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Strawberry, Gin, Campari and Lime Slushito [Photographs: Rachel Tepper]

The last weeks of summer may be drawing to a close—seriously, how is it already the end of August?—but I'm not quite ready to quit the season. Cue the frozen drinks, which don't need to be sipped on a beach to be enjoyed properly.

Some of my favorite frozen drinks are those served by mixologist Adam Bernbach at Estadio in Washington, D.C. Bernbach introduced his slushitos at the Spanish small plates eatery during a heatwave in the summer of 2010 as a matter of necessity, but the drinks became so popular they earned a permanent place on Estadio's warm weather menu.

Bernbach stresses that frozen drinks don't have to be the cheesy stuff of two-bit tiki bars. "There's nothing wildly upscale about it, except wanting to use really good ingredients," he told me recently. "There's no high art or low art. It's just a drink."

There's no sour mix in sight at Estadio's bar—it's all infused sugars and spirits here, all carefully mixed and calibrated. It's hard to imagine Bernbach swilling cliched margaritas or daiquiris. Or is it?

"If I was on a desert island, the piña colada would be on my list," he swore.

Bernbach gave me some adapted recipes that make it easy to reproduce these drinks at home—Bernbach has a high-tech slushie machine at his disposal, whereas all I have is a blender. Something to keep in mind: the intensity of flavor in these drinks will vary depending on how much ice you use, so you may want to play around with using more or less.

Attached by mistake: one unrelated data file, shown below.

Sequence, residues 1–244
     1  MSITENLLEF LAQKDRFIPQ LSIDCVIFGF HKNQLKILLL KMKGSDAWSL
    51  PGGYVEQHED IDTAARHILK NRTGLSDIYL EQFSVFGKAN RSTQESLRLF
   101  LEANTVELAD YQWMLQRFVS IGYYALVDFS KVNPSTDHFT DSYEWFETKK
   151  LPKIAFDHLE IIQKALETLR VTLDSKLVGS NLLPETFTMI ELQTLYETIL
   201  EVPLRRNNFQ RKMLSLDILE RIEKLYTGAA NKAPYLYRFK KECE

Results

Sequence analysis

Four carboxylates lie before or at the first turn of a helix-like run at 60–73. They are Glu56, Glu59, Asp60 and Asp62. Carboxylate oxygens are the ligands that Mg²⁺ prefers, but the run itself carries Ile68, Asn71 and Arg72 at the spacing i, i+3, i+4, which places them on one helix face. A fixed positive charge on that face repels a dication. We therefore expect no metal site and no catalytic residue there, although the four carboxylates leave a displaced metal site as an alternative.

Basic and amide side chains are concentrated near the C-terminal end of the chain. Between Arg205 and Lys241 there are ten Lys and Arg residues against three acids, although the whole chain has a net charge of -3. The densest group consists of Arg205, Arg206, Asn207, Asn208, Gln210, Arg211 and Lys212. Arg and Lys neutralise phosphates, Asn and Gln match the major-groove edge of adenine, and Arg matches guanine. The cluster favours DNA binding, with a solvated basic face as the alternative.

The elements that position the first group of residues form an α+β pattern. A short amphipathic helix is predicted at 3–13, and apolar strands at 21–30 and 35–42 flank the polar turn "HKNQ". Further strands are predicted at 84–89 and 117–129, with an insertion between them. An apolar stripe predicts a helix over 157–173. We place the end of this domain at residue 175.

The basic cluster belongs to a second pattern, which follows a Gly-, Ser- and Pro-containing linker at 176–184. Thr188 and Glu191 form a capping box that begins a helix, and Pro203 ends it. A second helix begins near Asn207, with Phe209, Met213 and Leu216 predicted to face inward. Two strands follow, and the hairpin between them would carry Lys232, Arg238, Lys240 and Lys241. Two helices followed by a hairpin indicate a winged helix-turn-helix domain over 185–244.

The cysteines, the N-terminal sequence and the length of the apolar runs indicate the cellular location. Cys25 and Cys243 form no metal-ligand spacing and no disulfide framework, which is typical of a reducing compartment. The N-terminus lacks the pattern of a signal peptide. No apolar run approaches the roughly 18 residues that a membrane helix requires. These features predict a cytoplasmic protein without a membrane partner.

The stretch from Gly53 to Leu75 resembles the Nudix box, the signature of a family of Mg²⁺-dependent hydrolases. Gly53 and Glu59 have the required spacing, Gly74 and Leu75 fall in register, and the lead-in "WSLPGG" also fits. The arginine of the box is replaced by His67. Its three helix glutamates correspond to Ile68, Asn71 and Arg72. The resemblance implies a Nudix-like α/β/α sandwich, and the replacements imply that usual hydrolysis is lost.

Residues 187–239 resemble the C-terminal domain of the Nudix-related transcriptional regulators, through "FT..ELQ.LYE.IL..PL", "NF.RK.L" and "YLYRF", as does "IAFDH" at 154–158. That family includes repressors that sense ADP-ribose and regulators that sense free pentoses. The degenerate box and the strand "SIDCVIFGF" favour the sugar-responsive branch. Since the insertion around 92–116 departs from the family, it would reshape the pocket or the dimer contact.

Strawberry, Gin, Campari and Lime Slushito

The strawberries in this recipe work nicely against the bitter sweetness of the Campari, and you can add more or less lime depending on how sour you'd like your drink to be.

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Chamomile, Bourbon, Sherry and Grapefruit Slushito

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I was a bit skeptical when Bernbach suggested I try infusing my bourbon with tea. It certainly didn't sound like any frozen drink I'd had before. But the tea's subtle flavor gives this frozen cocktail a refined quality you probably won't find in most spring break elixirs.

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Adam Bernbach's Piña Colada

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Bernbach uses this recipe so often that he keeps it tacked to his fridge. Though he rarely serves a piña colada at Estadio, it's his favorite drink to make at home. And after testing it, I have a feeling this is my new go-to piña colada recipe.

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About the Author: Rachel Tepper is a food writer based in New York City. Her work has appeared in The Huffington Post, The Washington Post, Edible DC, Washington City Paper and other publications. She loves a good Scotch.

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